By Eric Rich
Washington Post Staff Writer
Tuesday, October 3, 2006
Amber Mangum was a frequent reader during lunch breaks at her Prince George's County middle school, silently soaking up the adventures of Harry Potter and other tales in the spare minutes before afternoon classes. The habit was never viewed as a problem -- not, a lawsuit alleges, until the book she was reading was the Bible.
A vice principal at Dwight D. Eisenhower Middle School in Laurel last month ordered Amber, then 12, to stop reading the Bible or face punishment, according to a lawsuit filed Friday by Amber's mother. The lawsuit, filed in U.S. District Court in Greenbelt, alleges that the vice principal's actions violated the girl's civil rights.
"Amber's a new Christian, and she's trying to learn all she can," said Maryann Mangum, the girl's mother. "She reads her Bible and she goes to Sunday school. . . . It really upset me when she was not allowed to read it on her own time."
John White, a spokesman for the school system, said administrators learned of the lawsuit Friday and were not prepared to comment on its claims. "We're just beginning to look into it," he said.
Mangum said her daughter was reading her Bible on Sept. 14 when Vice Principal Jeanetta Rainey approached. According to Mangum and the lawsuit, Rainey told Amber that reading the Bible violated school policy and that she would face discipline if she continued to do so.
Later that day, Amber recounted the episode to Mangum, who is her adoptive mother and also her biological grandmother. James Baker, a family friend, sent a note to the school asking that the principal identify any policy barring students from reading the Bible during their free time.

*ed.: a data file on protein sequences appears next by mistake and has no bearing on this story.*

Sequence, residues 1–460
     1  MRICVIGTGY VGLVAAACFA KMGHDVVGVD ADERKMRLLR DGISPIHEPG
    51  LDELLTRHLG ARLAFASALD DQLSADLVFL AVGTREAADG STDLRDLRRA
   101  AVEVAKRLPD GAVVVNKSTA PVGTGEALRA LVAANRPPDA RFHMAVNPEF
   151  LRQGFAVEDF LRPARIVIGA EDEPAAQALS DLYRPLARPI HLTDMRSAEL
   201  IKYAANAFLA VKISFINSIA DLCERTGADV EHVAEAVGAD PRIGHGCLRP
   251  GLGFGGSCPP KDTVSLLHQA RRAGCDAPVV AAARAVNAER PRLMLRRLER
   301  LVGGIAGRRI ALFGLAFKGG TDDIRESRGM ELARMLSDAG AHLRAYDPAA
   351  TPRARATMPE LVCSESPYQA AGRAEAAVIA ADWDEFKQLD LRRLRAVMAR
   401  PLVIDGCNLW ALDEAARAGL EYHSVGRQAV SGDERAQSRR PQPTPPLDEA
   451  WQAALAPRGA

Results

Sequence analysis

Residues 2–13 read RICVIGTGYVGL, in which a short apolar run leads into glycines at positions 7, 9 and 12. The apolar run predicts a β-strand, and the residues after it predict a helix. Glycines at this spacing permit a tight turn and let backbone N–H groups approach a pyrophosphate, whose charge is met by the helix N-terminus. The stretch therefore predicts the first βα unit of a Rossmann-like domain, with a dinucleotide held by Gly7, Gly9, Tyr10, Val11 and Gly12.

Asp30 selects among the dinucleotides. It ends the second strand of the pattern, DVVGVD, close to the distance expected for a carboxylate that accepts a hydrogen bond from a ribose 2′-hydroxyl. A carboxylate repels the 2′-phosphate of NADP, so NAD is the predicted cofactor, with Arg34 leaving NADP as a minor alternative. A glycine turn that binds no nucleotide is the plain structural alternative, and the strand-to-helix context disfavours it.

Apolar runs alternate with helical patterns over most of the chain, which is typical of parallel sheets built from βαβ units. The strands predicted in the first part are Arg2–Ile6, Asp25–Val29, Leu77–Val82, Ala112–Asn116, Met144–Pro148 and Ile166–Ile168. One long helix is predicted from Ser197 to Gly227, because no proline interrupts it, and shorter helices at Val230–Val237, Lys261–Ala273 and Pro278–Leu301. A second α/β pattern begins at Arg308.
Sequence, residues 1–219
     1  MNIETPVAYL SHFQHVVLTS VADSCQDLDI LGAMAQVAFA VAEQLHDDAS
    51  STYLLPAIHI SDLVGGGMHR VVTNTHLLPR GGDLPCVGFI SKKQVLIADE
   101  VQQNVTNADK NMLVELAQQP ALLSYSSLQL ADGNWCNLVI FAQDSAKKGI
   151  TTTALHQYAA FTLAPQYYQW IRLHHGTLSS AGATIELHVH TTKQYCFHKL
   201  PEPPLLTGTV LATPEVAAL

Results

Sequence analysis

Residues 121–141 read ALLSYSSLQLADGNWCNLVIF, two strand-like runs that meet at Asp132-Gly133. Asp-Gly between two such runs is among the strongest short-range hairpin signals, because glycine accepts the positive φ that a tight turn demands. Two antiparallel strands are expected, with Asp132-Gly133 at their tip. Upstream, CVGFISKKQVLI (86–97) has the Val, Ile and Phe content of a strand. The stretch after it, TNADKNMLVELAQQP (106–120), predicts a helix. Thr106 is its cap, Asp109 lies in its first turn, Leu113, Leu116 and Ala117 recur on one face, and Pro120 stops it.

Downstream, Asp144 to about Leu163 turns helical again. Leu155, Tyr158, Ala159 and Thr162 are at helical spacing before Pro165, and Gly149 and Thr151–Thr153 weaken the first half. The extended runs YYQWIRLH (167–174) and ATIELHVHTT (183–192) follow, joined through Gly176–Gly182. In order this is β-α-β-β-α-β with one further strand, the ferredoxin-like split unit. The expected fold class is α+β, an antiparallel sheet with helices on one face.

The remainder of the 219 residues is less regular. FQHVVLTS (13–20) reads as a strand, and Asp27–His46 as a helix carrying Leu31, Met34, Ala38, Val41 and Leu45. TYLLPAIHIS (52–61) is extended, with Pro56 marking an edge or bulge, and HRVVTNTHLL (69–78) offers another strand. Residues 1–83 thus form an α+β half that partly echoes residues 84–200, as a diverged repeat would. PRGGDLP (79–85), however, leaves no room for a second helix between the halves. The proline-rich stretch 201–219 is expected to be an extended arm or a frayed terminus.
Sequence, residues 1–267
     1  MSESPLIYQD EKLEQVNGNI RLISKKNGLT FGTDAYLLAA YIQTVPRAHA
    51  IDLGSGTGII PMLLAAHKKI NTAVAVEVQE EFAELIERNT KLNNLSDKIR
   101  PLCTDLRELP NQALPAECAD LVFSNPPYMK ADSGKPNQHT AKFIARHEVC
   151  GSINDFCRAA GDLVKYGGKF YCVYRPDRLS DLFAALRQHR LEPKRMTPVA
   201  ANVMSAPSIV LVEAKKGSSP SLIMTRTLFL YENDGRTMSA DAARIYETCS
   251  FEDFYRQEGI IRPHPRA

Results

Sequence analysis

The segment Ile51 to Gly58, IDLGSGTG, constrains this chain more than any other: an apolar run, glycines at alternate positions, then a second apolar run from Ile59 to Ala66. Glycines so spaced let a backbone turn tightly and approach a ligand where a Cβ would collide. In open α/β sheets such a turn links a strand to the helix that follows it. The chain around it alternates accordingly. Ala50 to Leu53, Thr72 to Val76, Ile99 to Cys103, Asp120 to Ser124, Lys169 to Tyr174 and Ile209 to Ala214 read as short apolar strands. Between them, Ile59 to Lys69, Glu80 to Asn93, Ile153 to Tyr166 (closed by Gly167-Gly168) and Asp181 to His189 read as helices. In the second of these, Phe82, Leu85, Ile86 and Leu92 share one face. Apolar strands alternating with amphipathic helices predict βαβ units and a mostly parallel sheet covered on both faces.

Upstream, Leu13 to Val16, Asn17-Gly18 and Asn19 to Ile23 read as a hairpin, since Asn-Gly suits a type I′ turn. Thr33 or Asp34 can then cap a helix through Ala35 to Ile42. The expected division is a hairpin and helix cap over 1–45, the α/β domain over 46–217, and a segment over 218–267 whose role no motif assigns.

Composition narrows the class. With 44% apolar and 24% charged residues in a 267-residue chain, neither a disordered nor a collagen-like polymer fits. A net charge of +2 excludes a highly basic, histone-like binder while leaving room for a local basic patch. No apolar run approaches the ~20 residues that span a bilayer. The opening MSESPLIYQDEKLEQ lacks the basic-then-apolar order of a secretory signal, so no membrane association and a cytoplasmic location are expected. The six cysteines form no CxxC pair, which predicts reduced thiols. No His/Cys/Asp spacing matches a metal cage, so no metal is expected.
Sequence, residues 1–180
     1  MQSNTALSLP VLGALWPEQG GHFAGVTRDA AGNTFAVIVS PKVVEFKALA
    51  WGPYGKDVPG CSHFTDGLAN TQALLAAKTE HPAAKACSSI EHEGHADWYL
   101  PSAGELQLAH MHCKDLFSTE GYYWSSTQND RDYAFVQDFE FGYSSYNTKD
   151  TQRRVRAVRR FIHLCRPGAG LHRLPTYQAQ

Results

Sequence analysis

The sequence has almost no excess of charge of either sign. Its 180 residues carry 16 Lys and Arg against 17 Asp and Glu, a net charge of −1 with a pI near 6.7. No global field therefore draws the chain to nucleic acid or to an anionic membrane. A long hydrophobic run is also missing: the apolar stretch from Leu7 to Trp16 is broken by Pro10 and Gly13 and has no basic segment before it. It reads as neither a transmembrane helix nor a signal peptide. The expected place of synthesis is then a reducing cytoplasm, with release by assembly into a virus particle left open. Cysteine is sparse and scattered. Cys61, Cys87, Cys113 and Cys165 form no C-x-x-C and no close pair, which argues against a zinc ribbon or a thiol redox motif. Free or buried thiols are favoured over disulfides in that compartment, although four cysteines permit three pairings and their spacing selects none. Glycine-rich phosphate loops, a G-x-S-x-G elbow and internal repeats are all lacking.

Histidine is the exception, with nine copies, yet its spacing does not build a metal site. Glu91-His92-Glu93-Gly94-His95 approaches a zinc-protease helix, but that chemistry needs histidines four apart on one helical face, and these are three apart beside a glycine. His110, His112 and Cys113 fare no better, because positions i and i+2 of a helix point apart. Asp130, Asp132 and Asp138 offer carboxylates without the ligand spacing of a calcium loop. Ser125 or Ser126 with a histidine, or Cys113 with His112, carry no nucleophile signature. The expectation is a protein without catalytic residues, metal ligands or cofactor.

The note quoted a section of the school system's administrative procedures, saying that students "may read their Bibles or other scriptures, say grace before meals, and pray before tests to the same extent they may engage in comparable, non-disruptive activities."
The principal, Charoscar Coleman, did not respond, the lawsuit says. A friend at Mangum's church suggested that Mangum contact the Rutherford Institute, a nonprofit legal organization specializing in cases that involve issues of religious and civil liberties.
The institute's president, John W. Whitehead, said yesterday that the law is clear and that Amber's rights were violated. He said the lawsuit does not specifically seek monetary damages but rather that a judge declare that students cannot be barred from reading the Bible during free time at school.
"This is a seventh-grader who's probably overwhelmed by what's going on around her," Whitehead said. "This is a chance for her to get some comfort during the day. . . . What would you rather have a kid doing, throwing spit wads or sitting there silently reading a few passages from the Bible?"